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INTRODUCTION

The ductus arteriosus (DA) is a vital component of the fetal circulation, when the placenta is the source of oxygen to the fetus. The DA provides a conduit for blood to bypass the high resistance pulmonary vascular bed and shunt toward the descending aorta and low-resistance placental circulation. At birth, the lungs are inflated and resistance in the pulmonary vascular bed decreases as the lungs become the source of oxygenation, rendering the DA no longer necessary. Over the first few days of life, the DA undergoes active constriction and occlusion; failure of this process results in a patent ductus arteriosus (PDA). In the majority (> 95%) of term infants and those born > 28 weeks of gestation, closure of the ductus occurs within hours. In contrast, PDAs occur in 70% of infants born prior to 28 weeks of gestation, with an incidence that is inversely proportional to gestational age (GA) at birth.

BIOLOGICAL FACTORS

Closure of the DA involves a number of cellular and molecular processes that occur over 2 phases: (1) “functional” closure within hours after birth, characterized by ductal smooth muscle constriction; (2) “anatomic” occlusion over the next several days, characterized by ductal remodeling in response to hypoxia/ischemia of smooth muscle cells, resulting in permanent closure. Premature birth interrupts the normal maturation of ductal contractile mechanisms, increasing the likelihood of a PDA.

Pathophysiology and Functional Closure of the Da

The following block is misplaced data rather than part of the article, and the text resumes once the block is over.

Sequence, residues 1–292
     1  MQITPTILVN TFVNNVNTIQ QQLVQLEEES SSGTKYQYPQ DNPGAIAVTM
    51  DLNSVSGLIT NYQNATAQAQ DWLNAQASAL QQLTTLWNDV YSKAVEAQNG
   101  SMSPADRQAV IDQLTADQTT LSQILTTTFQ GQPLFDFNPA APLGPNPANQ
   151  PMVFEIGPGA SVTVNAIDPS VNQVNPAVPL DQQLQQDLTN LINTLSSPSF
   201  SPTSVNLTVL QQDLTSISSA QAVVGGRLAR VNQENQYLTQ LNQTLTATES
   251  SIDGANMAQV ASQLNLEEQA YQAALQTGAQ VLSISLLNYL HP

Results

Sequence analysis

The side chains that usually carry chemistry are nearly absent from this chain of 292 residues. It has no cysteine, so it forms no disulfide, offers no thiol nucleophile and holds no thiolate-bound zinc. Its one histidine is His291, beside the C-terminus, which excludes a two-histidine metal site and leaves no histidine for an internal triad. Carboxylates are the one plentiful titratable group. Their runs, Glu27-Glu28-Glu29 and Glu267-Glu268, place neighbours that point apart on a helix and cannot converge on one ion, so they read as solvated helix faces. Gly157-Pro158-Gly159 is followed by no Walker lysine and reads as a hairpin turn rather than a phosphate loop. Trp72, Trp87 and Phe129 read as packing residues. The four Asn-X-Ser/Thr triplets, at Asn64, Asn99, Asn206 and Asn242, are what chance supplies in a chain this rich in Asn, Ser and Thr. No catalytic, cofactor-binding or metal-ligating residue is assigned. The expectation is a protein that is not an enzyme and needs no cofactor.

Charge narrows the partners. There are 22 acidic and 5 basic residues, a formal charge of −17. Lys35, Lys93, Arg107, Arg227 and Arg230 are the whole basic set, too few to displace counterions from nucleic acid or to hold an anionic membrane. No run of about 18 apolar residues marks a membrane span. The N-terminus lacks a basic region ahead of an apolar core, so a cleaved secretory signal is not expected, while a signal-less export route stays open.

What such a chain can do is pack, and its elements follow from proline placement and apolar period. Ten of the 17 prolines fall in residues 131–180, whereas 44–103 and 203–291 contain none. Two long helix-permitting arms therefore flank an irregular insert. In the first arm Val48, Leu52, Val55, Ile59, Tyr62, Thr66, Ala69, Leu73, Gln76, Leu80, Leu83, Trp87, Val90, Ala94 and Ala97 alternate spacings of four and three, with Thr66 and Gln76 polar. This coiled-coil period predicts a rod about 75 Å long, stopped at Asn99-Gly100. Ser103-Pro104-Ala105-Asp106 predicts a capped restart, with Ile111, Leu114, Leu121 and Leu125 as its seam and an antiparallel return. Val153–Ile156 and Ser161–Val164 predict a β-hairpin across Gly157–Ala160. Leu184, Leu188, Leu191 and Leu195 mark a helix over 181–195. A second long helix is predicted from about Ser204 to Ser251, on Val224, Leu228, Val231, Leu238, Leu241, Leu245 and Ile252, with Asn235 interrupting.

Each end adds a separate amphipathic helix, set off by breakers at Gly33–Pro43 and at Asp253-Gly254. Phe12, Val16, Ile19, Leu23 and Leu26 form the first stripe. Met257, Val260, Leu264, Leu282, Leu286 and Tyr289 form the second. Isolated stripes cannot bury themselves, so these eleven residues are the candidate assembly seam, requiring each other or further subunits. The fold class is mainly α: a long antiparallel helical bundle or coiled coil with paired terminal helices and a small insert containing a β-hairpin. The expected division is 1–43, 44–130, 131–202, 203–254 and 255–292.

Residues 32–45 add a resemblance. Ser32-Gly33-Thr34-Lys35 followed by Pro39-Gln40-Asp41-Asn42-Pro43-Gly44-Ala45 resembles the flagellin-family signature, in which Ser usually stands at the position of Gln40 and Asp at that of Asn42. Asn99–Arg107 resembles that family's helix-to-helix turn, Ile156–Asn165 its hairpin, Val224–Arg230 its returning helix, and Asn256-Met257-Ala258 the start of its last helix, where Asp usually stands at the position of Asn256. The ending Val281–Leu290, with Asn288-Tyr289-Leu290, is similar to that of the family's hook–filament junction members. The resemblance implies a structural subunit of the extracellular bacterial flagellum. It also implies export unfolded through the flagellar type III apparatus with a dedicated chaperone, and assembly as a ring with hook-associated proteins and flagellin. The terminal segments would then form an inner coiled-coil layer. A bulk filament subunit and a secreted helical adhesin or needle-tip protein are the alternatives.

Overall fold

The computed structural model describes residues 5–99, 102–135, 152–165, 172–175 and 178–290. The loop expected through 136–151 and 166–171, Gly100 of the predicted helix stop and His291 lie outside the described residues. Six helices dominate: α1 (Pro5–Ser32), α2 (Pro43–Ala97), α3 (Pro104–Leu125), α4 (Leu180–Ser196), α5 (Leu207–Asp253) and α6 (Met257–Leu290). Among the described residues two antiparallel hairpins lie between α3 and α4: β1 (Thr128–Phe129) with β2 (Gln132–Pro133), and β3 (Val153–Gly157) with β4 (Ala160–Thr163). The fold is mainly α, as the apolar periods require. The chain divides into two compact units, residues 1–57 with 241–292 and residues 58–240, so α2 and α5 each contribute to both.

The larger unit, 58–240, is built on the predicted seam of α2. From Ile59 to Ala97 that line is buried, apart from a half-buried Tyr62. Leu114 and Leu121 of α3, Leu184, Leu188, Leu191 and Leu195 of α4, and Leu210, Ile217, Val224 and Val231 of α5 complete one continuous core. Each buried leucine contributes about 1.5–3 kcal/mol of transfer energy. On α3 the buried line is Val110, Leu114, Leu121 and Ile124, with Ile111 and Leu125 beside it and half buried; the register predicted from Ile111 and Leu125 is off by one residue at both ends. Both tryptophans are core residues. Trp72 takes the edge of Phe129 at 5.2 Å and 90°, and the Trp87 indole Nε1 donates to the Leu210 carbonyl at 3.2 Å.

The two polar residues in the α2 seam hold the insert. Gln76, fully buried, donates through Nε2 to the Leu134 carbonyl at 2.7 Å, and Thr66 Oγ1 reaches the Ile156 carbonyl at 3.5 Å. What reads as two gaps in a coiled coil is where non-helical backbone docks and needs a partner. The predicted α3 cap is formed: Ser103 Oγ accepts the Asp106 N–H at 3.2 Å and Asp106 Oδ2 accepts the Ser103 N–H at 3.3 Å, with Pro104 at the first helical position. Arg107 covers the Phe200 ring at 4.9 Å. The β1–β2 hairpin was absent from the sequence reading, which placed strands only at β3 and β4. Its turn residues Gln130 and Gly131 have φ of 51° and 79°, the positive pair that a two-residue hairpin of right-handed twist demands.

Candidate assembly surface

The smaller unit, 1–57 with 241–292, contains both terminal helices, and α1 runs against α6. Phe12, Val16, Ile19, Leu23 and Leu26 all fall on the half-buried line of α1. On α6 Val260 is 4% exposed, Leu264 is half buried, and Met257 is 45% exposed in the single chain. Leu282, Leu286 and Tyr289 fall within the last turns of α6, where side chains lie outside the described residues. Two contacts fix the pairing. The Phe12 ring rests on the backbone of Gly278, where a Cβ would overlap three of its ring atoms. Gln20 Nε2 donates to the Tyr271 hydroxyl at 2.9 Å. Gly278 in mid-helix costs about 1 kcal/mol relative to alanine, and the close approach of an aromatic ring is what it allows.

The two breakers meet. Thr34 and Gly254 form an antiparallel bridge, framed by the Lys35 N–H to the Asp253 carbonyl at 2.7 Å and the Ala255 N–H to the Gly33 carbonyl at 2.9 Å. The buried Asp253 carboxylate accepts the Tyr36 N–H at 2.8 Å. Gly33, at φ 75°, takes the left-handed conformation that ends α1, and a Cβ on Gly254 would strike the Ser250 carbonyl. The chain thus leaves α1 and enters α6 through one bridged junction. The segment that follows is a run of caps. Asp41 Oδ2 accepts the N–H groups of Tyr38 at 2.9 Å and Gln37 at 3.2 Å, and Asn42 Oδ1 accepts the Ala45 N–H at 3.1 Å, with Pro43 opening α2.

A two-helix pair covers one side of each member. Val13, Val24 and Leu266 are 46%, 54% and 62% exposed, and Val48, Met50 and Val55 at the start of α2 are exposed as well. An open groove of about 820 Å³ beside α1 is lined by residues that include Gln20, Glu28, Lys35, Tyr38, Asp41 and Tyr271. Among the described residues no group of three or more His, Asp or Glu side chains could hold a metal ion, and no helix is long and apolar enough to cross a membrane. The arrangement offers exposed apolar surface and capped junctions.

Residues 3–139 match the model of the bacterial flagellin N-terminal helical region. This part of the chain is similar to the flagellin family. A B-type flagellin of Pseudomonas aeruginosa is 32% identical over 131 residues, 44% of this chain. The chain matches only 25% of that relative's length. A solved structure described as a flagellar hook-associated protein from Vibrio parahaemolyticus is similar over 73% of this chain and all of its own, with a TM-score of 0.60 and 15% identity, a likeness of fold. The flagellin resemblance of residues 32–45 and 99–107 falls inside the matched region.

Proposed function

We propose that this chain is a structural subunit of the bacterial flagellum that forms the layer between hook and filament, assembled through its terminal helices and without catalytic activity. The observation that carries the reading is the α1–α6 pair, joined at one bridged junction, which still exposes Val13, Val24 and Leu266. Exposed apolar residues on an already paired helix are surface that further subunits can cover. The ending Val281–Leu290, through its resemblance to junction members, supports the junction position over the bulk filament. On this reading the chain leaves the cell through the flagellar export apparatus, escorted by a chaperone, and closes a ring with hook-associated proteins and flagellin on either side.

In the fetus, most of the cardiac output from the right ventricle bypasses the lungs and flows from the main pulmonary artery (MPA) into the descending aorta via the DA. A number of factors regulate the magnitude of ductal shunting, including its size (diameter, length), pressure differences between the aorta and pulmonary artery, and systemic and pulmonary vascular resistances (SVR and PVR, respectively). If the diameter of the PDA is small, the diminutive cross-sectional opening offers a high resistance to flow; thus, shunting is minimal despite potentially large pressure differences. On the other hand, with a large ductal diameter, pressures tend to be similar, and the magnitude of the ductal shunting is determined primarily by a balance between SVR and PVR. The right-to-left ductal shunting in utero is due to the high PVR, which in combination with a low SVR, results in a low pulmonary blood flow during fetal life.

At birth, ventilation of the lungs triggers a large decrease in PVR, which coincides with an increase in SVR following removal of the placental circulation by clamping of the umbilical cord. These events result in a marked increase in pulmonary blood flow, and as PVR falls below SVR, there may be left-to-right ductal shunting through the DA from the aorta and into the pulmonary circulation (see also Chapter 45).

At birth, the dramatic, rapid rise in arterial oxygen content upon ventilation of the lungs triggers a cascade of events in which constriction ...

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